• old age
  • improper nutrition
  • lack of carotenoids
  • overcrowding
  • too much light
  • lack of oxygen

We start by testing the water parameters and making sure the pH is between 6.0-7.5 and the water temperature is between 72-82°F.

A scared or bullied glofish could also become sluggish, lose its appetite and its poor immune system could lead to slow blood circulation causing it to turn white. Old age or this genetically modified color that could be because of injected dyes that might be wearing off.

Foods or supplements that are high in carotenoids will help to bring vibrancy back to your glofish. The tank lights could be dimmer and an air stone could help to aerate the tank further to promote more oxygenation leading the better color vibrancy.

Make sure the tank is not too small and overcrowded. A 20 gallon tank will lead to better results for active glofish to remain comfortable which promotes better colors that won’t fade so soon with old age.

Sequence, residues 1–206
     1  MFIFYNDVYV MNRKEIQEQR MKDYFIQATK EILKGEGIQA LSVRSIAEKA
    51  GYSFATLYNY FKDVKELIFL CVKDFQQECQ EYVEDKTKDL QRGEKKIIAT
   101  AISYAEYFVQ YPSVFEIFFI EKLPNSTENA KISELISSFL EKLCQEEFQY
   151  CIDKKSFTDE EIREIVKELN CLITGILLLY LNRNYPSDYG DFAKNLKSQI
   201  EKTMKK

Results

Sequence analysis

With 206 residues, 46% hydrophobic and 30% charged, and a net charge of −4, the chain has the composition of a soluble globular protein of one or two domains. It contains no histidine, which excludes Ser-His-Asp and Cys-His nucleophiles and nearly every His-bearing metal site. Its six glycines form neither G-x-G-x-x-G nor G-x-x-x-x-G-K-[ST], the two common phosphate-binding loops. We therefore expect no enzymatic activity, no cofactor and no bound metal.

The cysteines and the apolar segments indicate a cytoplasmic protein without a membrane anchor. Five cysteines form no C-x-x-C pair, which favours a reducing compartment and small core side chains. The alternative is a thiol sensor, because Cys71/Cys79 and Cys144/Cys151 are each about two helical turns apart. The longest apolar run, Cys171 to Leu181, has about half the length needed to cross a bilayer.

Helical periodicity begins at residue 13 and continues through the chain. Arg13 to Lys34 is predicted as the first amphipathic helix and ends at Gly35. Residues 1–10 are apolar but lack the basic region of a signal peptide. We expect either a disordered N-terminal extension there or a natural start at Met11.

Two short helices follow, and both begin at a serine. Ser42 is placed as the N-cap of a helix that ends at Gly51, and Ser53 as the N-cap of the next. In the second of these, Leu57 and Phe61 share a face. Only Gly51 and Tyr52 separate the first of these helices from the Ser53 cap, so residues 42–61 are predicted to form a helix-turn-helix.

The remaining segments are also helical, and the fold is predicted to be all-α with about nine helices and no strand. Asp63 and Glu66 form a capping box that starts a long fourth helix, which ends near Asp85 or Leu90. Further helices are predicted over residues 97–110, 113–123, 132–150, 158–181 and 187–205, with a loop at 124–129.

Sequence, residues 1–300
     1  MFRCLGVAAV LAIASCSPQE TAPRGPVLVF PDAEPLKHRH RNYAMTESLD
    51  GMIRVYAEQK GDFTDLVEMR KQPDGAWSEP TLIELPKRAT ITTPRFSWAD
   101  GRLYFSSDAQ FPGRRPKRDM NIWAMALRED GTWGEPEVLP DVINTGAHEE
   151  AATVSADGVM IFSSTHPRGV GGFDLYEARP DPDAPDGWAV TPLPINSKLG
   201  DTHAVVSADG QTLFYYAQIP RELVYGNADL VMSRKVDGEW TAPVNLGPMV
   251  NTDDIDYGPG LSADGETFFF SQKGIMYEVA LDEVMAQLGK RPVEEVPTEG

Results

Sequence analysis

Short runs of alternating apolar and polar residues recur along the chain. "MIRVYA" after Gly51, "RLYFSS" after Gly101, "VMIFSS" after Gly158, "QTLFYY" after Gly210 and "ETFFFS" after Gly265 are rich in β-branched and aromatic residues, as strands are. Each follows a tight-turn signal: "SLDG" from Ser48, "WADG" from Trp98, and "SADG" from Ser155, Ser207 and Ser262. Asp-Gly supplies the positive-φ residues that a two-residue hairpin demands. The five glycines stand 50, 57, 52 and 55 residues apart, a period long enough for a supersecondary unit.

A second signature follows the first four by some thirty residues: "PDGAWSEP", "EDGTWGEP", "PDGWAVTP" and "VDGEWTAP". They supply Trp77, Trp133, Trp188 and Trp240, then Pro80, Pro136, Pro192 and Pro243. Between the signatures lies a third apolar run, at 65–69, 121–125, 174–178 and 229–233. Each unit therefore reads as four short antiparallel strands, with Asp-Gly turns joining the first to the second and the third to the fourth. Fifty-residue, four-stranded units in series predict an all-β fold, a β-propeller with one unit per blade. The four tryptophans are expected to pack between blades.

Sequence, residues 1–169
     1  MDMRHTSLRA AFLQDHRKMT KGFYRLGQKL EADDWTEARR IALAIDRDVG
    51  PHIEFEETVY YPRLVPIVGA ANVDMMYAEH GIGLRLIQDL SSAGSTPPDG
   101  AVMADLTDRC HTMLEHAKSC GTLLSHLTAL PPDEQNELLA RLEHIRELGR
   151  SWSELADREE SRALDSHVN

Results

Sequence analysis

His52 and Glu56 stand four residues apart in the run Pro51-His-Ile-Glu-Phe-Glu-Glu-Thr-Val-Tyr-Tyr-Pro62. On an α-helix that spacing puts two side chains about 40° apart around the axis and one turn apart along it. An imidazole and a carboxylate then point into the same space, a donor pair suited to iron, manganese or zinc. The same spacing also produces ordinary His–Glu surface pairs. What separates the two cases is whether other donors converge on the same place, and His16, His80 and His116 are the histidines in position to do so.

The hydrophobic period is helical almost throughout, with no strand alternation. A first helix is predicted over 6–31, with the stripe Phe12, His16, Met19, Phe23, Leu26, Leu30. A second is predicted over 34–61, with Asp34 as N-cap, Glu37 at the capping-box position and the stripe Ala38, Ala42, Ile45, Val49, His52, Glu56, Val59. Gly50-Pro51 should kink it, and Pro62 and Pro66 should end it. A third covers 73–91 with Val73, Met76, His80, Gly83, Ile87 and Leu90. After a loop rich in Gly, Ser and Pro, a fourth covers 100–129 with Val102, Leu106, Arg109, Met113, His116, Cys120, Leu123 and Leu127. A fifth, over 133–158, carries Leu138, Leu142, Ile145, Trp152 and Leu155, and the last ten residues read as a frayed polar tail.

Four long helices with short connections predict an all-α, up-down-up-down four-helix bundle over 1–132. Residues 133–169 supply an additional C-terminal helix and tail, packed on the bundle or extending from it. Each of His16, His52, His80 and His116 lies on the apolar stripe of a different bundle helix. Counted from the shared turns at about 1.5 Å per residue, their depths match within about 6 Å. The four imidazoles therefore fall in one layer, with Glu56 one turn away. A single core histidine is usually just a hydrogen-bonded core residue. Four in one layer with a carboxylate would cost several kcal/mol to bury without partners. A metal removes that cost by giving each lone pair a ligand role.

Are Glofish Hardy?

Glofish are not as hardy as goldfish, but beginners can give it a go to provide enough care without feeling overwhelmed. Children love glofish and will help introduce them to a lifelong hobby to care for fish that are much more challenging to keep than glofish.

They are not aggressive if their tankmates don’t challenge them for territory or chase them because of their smaller size. They can be fed flakes, pellets and frozen foods.

Keep the water quality pristine with no spikes in ammonia with temperatures between 72-82°F and your glofish should be happy for the next few years.

Old age could lead to the loss of vibrant colors, but the manufacturers claim that they will not lose their color throughout their entire lives. Our hair turns gray and we lose pigmentation at older ages. It’s easy to accept the same for glofish when they reach old age as well.

How Can I Make Glofish Glow?

  • black lights
  • carotenoid rich foods
  • water changes